Share

Quantity vs. Price Theory Re-visited

10/1/2014

video

Quantity versus price competition theory has been studied in economics and marketing since the 1860s, but two Olin professors thought there was more to be discovered about a firm’s incentives for controlling the quantity of a product it sells in the market.

“One of our big findings challenges the traditional wisdom that claims competing firms will always choose to constrain their output because that reduces price competition,” explains Sherif Nasser. “We have identified cases where virtually identical, competing firms will actually choose opposite strategies for output levels."

KEY TAKEAWAYS for Managers

Product differentiation plays a key role in determining whether a firm should focus on price or quantity competition. A rigid regime is a better option than a flexible regime for low- and high-differentiation markets or production practices that drive cost down with long lead-time manufacturing.

When firms are competing within industries of intermediate product differentiation, firms will be split on whether to pursue a flexible regime or a rigid regime.

Professors Nasser and Turcic designed a model using game theory to analyze different types of firms, their supply chain options, and the choices they make when it comes to controlling output. Firms fall into one of three categories based on product differentiation in their industry: low, intermediate, or high product differentiation. Findings show that competing firms in an industry with low product differentiation choose rigid supply chain regimes, thus reducing the impact of intense price competition. When high product differentiation is present, firms also choose rigid regimes.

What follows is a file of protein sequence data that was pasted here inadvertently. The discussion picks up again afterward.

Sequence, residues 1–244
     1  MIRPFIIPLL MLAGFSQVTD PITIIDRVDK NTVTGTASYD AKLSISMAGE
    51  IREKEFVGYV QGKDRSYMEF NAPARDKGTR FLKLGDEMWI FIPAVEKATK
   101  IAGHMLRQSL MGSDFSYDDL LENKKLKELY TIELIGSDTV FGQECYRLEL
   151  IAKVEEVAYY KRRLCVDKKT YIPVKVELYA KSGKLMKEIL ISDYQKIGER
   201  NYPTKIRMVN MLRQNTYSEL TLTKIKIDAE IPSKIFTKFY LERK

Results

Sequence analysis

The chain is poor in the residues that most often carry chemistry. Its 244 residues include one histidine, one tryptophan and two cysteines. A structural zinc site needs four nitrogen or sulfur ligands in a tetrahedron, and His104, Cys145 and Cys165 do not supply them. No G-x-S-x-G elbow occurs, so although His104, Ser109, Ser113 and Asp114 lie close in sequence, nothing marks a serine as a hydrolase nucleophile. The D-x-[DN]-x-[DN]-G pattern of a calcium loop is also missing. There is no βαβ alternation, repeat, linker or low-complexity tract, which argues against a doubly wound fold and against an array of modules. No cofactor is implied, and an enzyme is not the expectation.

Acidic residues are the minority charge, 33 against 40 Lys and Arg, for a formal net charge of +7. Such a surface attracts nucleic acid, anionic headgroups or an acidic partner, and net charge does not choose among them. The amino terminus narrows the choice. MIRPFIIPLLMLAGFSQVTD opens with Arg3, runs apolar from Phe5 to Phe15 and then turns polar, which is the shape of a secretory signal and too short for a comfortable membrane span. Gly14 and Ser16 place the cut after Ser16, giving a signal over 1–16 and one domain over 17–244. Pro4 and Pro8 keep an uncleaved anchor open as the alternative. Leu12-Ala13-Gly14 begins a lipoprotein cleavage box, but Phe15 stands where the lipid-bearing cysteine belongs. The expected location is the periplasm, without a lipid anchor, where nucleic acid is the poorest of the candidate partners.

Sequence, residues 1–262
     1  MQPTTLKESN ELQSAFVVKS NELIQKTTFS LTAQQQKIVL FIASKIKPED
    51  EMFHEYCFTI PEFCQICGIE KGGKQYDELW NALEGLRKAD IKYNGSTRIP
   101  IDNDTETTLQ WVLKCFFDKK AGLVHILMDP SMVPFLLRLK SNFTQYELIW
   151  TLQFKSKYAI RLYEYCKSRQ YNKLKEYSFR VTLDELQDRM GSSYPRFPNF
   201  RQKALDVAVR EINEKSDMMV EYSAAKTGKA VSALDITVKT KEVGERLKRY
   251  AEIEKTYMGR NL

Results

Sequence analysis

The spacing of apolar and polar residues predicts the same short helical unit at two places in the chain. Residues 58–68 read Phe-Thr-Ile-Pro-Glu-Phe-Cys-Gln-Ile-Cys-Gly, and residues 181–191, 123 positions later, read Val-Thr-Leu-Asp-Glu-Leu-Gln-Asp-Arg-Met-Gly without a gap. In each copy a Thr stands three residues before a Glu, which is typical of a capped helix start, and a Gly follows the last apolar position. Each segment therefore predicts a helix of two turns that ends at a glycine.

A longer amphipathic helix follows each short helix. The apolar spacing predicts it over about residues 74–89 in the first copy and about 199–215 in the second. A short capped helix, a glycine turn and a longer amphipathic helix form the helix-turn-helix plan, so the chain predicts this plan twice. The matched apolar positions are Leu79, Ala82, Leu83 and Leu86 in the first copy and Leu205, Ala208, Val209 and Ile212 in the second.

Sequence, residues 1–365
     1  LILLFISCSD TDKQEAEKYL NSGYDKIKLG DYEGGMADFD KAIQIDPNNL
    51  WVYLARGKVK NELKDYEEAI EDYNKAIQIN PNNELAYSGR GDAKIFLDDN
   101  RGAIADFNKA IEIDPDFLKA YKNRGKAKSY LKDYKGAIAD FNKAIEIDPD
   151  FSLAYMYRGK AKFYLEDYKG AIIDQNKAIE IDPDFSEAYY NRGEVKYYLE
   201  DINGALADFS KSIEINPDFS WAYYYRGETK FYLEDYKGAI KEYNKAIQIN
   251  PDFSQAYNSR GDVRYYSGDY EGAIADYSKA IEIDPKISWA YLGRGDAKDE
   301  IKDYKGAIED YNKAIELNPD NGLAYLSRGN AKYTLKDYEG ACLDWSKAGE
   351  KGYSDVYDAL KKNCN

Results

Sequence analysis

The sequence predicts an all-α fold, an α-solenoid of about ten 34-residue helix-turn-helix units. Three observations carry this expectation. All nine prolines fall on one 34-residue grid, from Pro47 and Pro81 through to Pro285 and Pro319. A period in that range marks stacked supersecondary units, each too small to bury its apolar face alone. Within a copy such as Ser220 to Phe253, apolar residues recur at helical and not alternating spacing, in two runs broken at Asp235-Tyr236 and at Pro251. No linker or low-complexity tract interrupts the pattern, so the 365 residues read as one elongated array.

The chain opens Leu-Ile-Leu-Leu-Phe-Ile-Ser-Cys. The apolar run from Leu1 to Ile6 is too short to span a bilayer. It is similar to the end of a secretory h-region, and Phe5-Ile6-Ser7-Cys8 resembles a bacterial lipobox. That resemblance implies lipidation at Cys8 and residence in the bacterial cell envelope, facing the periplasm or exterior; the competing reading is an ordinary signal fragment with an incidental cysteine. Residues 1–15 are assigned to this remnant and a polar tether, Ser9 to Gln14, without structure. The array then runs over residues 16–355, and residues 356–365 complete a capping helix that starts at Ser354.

Rigid regimes involve longer lead-time manufacturing that is most often conducted at offshore factories. Retailers like Gap and Walmart utilize rigid regimes with six-to-nine-month manufacturing lead times, with products earmarked for limited selling periods of two to three months. These firms are using quantity as a key driver for their strategic plan.

By contrast, flexible regimes have very short lead times because manufacturing locations are in close proximity to the point of sale. Finished goods are quickly moved via air transport from factory to store. Though this can be expensive, flexible regimes offer complete flexibility on quantity. An example is Zara, a Spanish clothing manufacturer that uses a flexible regime in order to design, produce, deliver, and display a new garment in its stores within 15 days.

In the category of intermediate product differentiation, Nasser and Turcic found an unexpected and interesting variation. Unlike the uniformity seen among firms in the low- and high-differentiation categories, some firms in the intermediate category will chose rigid regimes and others will choose flexible regimes. Firms in the intermediate category maximize profits through mixed-pricing models.

“In our theoretical model, we assume that every firm has the option of choosing either a flexible or rigid regime,” Nasser says. “The question is which option a firm will choose. Which option is optimal? In the intermediate product differentiation range, we find that it’s optimal for firms not to choose the same strategy. It’s optimal for one firm to be flexible and not to constrain its output and for another firm to be rigid and to constrain its output. That’s the contribution of our research.”

"To Commit or Not to Commit: Revisiting Quantity vs. Price Competition in a Differentiated Industry"

Authors:

Sharif Nasser, Assistant Professor of Marketing, Olin Business School, Washington University in St. Louis

Danko Turcic, Associate Professor of Operations and Manufacturing Management, Olin Business School, Washington University

Publication:

Under review, Journal of Marketing